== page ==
Thomas Brand, writing about the importance of setting the right expectations:
The most valuable part of setting expectations is telling the truth, even if the truth means you don’t know, but are willing to find out. I am much more likely to remain a customer of companies that treat me with respect by setting expectations, and sticking to their word.
So true. Trying to set a false expectation or trying to cover up that you don’t actually know the answer may have short-term benefits, but in the end the customer will find out the truth. If you’re up front and honest with them from the start things work out much better.
This post from Marco Arment, about a less-than-stellar experience his grandparents had at an Apple Store, is such an important lesson to learn:
It wouldn’t be the first time a technology expert lacked empathy for a customer, or made bad assumptions about what would be fast and easy for the customer to do on his own — especially when deciding to perform an easy, predictable, cure-all “restore”.
Reminds me of something I wrote earlier this year about asking questions and avoiding assumptions. Spending the time to do something right matters much more than doing it quickly.
Just updated to WP for iOS 3.1. Pretty solid improvement in things. I love that I can use post formats in the app now.
Target The Forward Fringe:
But when Apple announced the Retina MacBook Pro at WWDC, revamping all of my apps and my web site jumped to the top of my list of priorities…
Why? Because HiDPI customers may be a fringe group, but they are a forward-facing fringe. They represent the users of the future, and the more we cater to them now, the more deeply embedded our products and designs will be in their culture. The future culture.
Tap Left Margin -> Next Page; my favorite feature of the iPad. This means I can comfortably read while drinking tea and not worry about which hand holds my iPad.
The majority of the time I’m reading a book I just want to go forward. It always felt clumsy to swipe with my left thumb. Advancing with just a tap means the device never breaks my flow.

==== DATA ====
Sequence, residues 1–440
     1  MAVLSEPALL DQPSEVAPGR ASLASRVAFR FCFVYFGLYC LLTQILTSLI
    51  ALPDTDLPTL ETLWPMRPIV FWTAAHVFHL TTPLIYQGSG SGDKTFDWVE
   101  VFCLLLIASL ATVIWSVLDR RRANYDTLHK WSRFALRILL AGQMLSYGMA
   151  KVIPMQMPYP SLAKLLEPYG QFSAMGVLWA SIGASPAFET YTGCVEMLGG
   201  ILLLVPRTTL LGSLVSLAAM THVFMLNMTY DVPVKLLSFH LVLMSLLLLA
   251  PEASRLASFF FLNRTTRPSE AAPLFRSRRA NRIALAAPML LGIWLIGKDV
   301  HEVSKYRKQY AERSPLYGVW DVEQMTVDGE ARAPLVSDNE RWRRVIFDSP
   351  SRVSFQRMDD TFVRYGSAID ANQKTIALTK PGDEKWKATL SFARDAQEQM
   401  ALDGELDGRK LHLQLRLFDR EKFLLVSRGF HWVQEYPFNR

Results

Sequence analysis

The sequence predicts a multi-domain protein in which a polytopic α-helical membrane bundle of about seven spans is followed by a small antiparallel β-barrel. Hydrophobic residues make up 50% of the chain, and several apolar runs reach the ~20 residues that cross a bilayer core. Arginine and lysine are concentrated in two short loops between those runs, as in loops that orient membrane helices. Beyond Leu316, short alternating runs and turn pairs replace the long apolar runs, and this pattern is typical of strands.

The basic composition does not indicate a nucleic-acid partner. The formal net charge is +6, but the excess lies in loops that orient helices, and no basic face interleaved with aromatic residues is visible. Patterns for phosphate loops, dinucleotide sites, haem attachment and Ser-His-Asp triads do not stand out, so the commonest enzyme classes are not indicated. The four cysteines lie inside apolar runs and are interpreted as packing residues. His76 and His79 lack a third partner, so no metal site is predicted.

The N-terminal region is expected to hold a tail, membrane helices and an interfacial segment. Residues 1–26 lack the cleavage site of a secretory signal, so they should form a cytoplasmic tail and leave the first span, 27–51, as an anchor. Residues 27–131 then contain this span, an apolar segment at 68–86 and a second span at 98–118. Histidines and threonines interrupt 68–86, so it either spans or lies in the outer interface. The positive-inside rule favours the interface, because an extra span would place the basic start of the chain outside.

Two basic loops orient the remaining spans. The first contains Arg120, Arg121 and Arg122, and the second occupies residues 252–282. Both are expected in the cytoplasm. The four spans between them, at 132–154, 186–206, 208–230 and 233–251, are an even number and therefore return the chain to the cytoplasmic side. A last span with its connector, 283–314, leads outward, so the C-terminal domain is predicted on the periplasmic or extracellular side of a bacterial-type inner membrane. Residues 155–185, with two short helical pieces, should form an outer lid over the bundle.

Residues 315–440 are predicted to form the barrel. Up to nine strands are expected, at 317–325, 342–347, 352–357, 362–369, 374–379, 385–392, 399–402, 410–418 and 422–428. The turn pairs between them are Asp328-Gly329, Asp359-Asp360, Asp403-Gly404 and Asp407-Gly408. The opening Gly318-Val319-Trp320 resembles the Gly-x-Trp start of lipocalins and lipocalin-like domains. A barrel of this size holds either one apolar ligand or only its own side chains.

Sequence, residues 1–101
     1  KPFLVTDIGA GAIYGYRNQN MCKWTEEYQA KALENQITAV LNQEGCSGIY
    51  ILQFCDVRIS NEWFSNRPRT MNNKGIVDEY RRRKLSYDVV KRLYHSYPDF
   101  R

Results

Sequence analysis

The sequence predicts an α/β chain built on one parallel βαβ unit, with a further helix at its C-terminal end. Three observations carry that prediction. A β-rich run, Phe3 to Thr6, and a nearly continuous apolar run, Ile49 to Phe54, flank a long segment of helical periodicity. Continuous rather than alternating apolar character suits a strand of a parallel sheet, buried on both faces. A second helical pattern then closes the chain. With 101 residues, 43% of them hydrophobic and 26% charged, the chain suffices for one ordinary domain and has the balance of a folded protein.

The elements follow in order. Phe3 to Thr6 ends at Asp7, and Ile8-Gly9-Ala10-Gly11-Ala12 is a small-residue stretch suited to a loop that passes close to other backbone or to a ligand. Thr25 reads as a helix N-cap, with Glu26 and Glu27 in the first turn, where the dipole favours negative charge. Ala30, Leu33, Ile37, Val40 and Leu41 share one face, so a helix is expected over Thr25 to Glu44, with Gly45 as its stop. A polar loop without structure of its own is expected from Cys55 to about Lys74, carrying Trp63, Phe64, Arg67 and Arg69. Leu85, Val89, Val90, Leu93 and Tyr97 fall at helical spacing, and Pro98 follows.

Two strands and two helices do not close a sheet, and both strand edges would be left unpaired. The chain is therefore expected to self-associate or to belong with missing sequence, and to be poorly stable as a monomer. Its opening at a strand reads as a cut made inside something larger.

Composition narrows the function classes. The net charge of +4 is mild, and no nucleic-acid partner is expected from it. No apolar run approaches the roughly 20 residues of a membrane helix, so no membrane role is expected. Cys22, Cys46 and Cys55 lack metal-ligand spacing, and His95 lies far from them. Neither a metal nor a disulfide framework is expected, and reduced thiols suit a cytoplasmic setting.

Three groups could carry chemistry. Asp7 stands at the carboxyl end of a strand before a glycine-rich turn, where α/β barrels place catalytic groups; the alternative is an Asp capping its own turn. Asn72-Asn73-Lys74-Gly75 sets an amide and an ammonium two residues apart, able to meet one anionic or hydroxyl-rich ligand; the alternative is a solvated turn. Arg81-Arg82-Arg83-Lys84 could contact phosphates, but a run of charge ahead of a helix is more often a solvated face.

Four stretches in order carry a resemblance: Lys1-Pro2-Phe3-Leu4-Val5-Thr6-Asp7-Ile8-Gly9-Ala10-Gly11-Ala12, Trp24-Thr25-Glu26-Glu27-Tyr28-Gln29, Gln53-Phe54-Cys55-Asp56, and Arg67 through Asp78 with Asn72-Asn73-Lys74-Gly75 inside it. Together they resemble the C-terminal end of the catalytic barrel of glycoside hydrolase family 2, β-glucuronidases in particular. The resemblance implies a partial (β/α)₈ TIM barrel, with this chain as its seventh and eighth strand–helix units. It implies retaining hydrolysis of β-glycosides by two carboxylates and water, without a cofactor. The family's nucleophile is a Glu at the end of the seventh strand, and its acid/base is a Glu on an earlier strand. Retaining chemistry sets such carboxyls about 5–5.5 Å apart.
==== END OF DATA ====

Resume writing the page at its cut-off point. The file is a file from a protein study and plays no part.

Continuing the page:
I thought this chart from The Verge was terrific. Focus and restraint breed quality. (via Shawn Blanc)
Raven for Mac. Interesting concept for a new browser on Mac OS X. It’ll be interesting to see how the software develops. Browsers definitely still have room for improvement and it’s refreshing to see someone thinking in new directions. Sidenote, it’s ridiculous how many apps Loren Brichter’s original Tweetie design has inspired.
We are fascinated by our giants and this fascination motivates us to learn. This is good. But we continually forget every story in this world is unique. We can’t cherry pick the convenient elements of one successful life and graft it into our own, expecting the same results. Had da Vinci or Ford been born today, they might have ended up janitors or car salesmen. And a school teacher or gardener from their times, born today, might have transformed the world. We don’t want to see success as fragile or circumstantial, but the slightest touch of chance in the lives of any great man or woman, and we’d never know their names.
Scott Berkun — The Jobsian fallacy.
Evangelism is word-of-mouth marketing. It’s the best kind of marketing because it’s honest and personal. We don’t pay attention to television commercials and magazine ads because we don’t trust them. We do, however, trust our friends recommending something to us.
And so, companies want their customers to tell their friends about the product. But try as you may, you can’t force people to talk about your product, which means that the next best thing is to try and get people to at least use it.
Shawn Blanc — You Can’t Buy Word of Mouth.